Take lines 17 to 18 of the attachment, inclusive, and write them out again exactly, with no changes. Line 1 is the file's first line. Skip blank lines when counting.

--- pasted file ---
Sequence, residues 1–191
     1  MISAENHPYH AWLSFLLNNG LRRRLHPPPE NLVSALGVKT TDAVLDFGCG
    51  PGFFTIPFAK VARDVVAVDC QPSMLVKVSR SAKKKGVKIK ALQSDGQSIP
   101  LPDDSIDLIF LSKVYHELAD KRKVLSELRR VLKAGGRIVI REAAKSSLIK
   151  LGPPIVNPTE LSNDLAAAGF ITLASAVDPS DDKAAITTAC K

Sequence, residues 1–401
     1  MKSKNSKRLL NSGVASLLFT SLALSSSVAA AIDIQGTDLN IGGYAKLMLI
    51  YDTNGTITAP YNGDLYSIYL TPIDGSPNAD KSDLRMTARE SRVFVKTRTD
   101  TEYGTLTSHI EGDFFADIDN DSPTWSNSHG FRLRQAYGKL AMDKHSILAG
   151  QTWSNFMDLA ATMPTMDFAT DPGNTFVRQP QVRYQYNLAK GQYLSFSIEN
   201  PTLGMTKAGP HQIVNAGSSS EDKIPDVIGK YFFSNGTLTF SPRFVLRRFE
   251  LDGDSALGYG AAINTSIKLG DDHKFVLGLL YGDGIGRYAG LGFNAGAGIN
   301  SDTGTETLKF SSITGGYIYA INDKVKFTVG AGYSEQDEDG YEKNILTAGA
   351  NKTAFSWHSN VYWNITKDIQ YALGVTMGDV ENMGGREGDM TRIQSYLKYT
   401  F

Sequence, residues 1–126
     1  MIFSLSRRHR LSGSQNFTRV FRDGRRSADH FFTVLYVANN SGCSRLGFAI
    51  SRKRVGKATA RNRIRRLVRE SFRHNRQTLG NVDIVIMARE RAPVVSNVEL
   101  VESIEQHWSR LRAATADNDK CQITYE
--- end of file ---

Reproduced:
     1  MIFSLSRRHR LSGSQNFTRV FRDGRRSADH FFTVLYVANN SGCSRLGFAI
    51  SRKRVGKATA RNRIRRLVRE SFRHNRQTLG NVDIVIMARE RAPVVSNVEL